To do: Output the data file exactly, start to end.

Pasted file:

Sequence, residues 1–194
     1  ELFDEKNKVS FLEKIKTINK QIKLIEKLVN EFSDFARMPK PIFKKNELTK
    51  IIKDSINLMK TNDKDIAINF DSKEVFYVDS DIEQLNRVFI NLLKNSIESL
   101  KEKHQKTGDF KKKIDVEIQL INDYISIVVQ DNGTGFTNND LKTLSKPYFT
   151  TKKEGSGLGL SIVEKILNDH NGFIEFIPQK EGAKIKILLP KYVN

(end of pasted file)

Sequence, residues 1–194
     1  ELFDEKNKVS FLEKIKTINK QIKLIEKLVN EFSDFARMPK PIFKKNELTK
    51  IIKDSINLMK TNDKDIAINF DSKEVFYVDS DIEQLNRVFI NLLKNSIESL
   101  KEKHQKTGDF KKKIDVEIQL INDYISIVVQ DNGTGFTNND LKTLSKPYFT
   151  TKKEGSGLGL SIVEKILNDH NGFIEFIPQK EGAKIKILLP KYVN